Sectigo Kubernetes ACME integration

Overview

Sectigo provides a seamless way to retrieve SSL/TLS certificates issued by the Sectigo public or private CA via the ACME server. The server needs the external account binding information to register the ACME account and issue certificates for that account when requested.

Cert-Manager is a Kubernetes native certificate manager which supports external account binding (EAB). It works by creating Issuers or Cluster Issuers in Kubernetes to provision certificates from ACME servers.

This document describes the use of a new version of the plugin which doesn’t require a separate ACME-EABTool.

The following diagram illustrates the integration architecture.

Sectigo Kubernetes ACME integration diagram

Prerequisites

The Sectigo Kubernetes ACME integration has the following requirements:

  • The ACME server URL from your SCM account

  • The ACME account KID and HMAC Key from your SCM account

    ACME account details
  • Cert-Manager v1.7 installed

Generating a Kubernetes Secret with the HMAC of your ACME account

Create a Kubernetes Secret that contains the HMAC key and use its name in your Cert-Manager Issuer file. This is how the ACME server identifies your ACME account and registers it.

To create the secret, run the following command with your preferred secret name.

kubectl create secret generic <secret name> --from-literal secret=<your HMAC key> -n <namespace-name>

To list the secrets, run the command.

kubectl get secrets -n <namespace-name>
The namespace is not mandatory. If not provided, the default namespace is used.

Kubernetes Secret can be created in various ways. For more information, see Secrets.

Using the Kubernetes Secret in the Issuer file

In Cert-Manager, an Issuer or Cluster Issuer represents the certificate authority (CA) that you request certificates from. To request a certificate, you need an Issuer or Cluster Issuer successfully registered with the ACME server. For more details, see ACME in the Cert-Manager docs.

To register an Issuer or Cluster Issue with the ACME server:

  1. Create a .yaml file for the Issuer with the following information.

    apiVersion: cert-manager.io/v1
    kind: Issuer
    metadata:
      name: issue1  # The name of an Issuer
    spec:
      acme:
        email: [email protected] # A valid email address
        # for certificate expiry alerts
        server: https://acme.demo.sectigo.com  # The ACME server URL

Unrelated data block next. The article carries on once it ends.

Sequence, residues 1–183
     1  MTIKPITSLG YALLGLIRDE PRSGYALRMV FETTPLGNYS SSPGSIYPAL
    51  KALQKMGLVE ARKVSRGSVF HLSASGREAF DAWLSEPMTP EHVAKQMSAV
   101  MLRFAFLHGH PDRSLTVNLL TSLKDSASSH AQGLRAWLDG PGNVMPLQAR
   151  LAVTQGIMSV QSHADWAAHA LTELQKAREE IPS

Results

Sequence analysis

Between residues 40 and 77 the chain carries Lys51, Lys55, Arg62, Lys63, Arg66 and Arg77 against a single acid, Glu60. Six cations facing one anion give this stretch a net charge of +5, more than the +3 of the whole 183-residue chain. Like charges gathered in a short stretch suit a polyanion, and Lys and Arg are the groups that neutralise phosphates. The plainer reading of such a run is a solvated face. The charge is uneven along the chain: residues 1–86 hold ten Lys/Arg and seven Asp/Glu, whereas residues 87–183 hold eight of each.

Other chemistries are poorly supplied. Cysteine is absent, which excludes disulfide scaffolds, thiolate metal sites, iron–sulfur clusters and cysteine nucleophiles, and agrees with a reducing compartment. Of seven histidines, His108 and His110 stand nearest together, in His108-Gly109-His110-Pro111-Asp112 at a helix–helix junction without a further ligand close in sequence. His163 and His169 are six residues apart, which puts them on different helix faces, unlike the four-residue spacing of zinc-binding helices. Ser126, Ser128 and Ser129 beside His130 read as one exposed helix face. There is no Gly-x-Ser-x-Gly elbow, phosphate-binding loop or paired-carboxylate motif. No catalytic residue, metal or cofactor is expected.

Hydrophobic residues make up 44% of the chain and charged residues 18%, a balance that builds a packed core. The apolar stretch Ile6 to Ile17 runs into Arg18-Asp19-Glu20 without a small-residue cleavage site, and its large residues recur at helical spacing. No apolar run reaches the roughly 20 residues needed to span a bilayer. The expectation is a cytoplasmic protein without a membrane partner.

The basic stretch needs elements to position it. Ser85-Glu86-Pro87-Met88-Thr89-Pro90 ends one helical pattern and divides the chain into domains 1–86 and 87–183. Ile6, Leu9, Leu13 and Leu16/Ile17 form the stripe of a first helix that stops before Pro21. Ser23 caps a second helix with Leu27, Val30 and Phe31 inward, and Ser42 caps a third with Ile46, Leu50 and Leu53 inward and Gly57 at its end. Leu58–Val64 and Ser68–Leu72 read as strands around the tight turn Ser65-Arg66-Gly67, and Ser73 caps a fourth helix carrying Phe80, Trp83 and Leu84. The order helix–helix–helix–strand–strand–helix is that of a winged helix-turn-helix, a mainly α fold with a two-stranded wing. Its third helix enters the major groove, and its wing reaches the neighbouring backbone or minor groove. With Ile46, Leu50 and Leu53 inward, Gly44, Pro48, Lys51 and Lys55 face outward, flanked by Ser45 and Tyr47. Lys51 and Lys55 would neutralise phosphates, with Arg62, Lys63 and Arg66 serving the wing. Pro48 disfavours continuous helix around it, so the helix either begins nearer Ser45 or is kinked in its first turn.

externalAccountBinding:
          keyID: 21b5a359ad6fa40574fab180
          keySecretRef:
            name: hmac1 # The name of the Kubernetes Secret
            # created with your HMAC
            key: secret
        privateKeySecretRef:
          name: issuer-account-key # The private key created by Cert-Manager
        solvers:
        - http01:
            ingress:
              class: nginx
  2. Create the Issuer using your .yaml file by running the following command.

    kubectl apply -f <your-issuer-name.yaml> -n <your-namespace>
    The namespace is not mandatory. If not provided, the default namespace is used.
  3. Once your Issuer is ready to be used, its status is set to True. Verify the Issuer by running the following command.

    kubectl describe issuer <your-issuer-name> -n <your-namespace>
    Verify the Issuer
  4. Create your certificate .yaml file.

    apiVersion: cert-manager.io/v1
    kind: Certificate
    metadata:
      name: cert1 (certificate name)
      namespace: 7scert-manager  # The namespace where the secret will be stored
    spec:
      # Secret names are always required.
      secretName: cert1.tls  # The Secret name that Contains the certificate
      commonName: ccmqa.com # The certificate domain name
      privateKey:
        algorithm: RSA (key type)
        encoding: PKCS1
        size: 2048  (key Size)
      dnsNames:
        - ccmqa.com  # The certificate domain names
      # Issuer references are always required.
      issuerRef:
        name: issuer1  # The name of an Issuer
        kind: Issuer
        group: cert-manager.io

    For more options such as domain control validation, different key types and sizes, securing Ingress, and so on, see the Cert-Manager tutorials.

  5. To provision certificates, run the following command.

    kubectl apply -f certificate-file.yaml -n <your-namespace>
  6. To verify that the certificates have been provisioned, run the command.

    kubectl get certificates -n <your-namespace>

    You can also get the certificate details by running the following command.

    kubectl describe certificate <certificate-name> -n <your-namespace>